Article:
Sunday, February 04, 2001
Racial profiling targeted
Black United Front says police must stop it
As part of an effort to examine race relations in Cincinnati, the Enquirer Editorial Board invited members of the Black United Front to discuss their organization and its goals. BUF led the boycott of downtown restaurants to protest after some closed during the Ujima Festival last summer. BUF is now collecting evidence of racial profiling in preparation for a class-action lawsuit against Cincinnati Police. Following are questions and excerpts of answers from the meeting on Tuesday, Jan. 30.
Q. How do you define racial profiling?
Rev. Damon Lynch: Very simply, it is when skin color becomes evidence for a propensity to commit a crime.
Q. What about the gray areas between legitimate criminal profiling and racial profiling?
Rev. Lynch: We have no problem with legitimate police tactics. Racial profiling is not proper police tactics. We've heard over 300 stories in the past three weeks of people being inconvenienced or pulled over, without incident reports, or they may even be handcuffed.
Douglas Springs: I was stopped. I had a '65 Rambler. I was coming through Avondale and they pulled me over. I asked why they stopped me and they said they got a call about a stolen Mercedes Benz. I said, This is no Mercedes Benz.
Rev. Lynch: The problems are much broader than racial profiling. We see with different eyes. We have two streams of consciousness. We have a Eurocentric stream and an Afrocentric stream. We have to live in two worlds. Most white people are Eurocentric. Rarely are they the only white person in a room. They don't have to live in two worlds.
America continues to divide by race.
We look at Rodney King and go, Ohhhh. To the white community it's, That's police work.
We look at (restaurant closings during) Ujima and say, That's wrong. And the white community says, That's business.
It's not that either of us is bad, but we see the same picture with two different lenses. When will we ever be able to see through the same lens?
Q. Your organization is relatively new. What's your constituency? Was there a void of leadership and results?
Jim Clingman: We formed quite spontaneously, to discuss the restaurant closings. Nobody else was dealing with them, so the group decided to form and ask Damon if he would be president.
Rev. Lynch: We are a group with a prophetic voice. That's a voice that people really don't want to hear. If they do wrong, they will be called to task. There have always been prophets, from Bible days, Mohammed, Martin Luther King.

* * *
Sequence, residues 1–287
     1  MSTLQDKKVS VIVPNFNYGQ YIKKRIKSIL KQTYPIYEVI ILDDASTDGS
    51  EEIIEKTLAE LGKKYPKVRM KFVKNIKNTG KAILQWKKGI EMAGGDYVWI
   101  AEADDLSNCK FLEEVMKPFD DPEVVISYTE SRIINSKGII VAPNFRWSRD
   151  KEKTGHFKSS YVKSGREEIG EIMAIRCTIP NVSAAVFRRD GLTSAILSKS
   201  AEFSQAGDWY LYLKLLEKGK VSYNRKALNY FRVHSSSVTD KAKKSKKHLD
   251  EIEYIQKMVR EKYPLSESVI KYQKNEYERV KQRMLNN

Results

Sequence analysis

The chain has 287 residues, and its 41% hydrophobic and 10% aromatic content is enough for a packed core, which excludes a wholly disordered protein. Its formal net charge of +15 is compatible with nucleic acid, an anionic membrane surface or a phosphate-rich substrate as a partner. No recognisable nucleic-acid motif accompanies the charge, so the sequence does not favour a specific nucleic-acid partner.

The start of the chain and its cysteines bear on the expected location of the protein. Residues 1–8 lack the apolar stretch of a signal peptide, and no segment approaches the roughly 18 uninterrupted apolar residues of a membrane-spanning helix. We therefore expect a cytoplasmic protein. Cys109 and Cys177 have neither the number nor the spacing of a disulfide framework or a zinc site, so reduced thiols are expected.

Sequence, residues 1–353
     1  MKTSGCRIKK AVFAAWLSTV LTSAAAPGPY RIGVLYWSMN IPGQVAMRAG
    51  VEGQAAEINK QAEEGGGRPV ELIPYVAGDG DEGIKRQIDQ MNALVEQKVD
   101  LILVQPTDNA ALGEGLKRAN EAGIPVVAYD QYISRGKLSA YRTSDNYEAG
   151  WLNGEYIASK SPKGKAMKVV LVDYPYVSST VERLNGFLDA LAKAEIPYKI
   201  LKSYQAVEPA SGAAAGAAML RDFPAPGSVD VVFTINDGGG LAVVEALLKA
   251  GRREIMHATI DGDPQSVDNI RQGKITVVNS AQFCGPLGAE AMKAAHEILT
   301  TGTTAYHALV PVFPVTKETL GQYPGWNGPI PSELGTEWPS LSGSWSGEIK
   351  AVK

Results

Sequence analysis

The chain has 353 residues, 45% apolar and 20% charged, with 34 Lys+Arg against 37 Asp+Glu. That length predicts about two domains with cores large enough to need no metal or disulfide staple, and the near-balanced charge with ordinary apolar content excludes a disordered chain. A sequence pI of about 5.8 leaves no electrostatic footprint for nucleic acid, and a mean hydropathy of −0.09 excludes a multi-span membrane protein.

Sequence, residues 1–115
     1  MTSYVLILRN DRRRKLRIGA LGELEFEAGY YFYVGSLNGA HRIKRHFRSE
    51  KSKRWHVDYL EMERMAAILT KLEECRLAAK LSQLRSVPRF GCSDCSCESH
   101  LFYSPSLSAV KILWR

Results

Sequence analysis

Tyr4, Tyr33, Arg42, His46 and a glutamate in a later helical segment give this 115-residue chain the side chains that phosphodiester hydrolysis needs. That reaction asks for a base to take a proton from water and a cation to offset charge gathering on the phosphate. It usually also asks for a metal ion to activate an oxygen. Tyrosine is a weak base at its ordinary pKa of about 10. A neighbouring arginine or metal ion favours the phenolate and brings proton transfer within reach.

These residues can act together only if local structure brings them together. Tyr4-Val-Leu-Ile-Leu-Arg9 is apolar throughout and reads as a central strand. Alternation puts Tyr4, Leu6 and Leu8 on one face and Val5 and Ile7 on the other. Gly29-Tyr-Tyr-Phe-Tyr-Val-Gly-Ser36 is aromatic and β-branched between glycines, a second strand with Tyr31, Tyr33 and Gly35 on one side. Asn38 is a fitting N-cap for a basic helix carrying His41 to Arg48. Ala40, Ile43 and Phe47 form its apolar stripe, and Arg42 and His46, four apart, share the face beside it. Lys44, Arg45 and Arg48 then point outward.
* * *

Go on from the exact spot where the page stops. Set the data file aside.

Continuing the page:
Some (groups) have lost their prophetic edge. So we take a stand and speak loud and we're not afraid to call into question those who lead Cincinnati. We formed to fight on issues of social, racial and economic injustice. These are issues we've taken up for the benefit of all the community. We must have police. We support them, but they must not kill innocent citizens. We fight that for all Cincinnatians.
Q. What about the African-Americans who disagree with your approach?
Rev. Lynch: They don't have to agree with our approach, just look at the results. People certainly didn't agree with Dr. King, but they've taken advantage of the results.
Dwight Patton: We have united various class elements with something in common, from professionals to grass-roots. That was not necessarily the case with other organizations.
Mr. Springs: There's a lot of fear in the black community that if we organize, the government will organize against us. Look at history in Cincinnati. The police have always been against the black people.
Q. In many controversial cases, black officers have been involved. What lens do they look through?
Mr. Springs: They look through a blue lens.
Rev. Lynch: It's the victim who is profiled. A black officer can be just as guilty as a whhite officer. They have grown up in a police culture. It's a whole other world in itself.
Put it in historical perspective. What about black slaves who whipped other black slaves?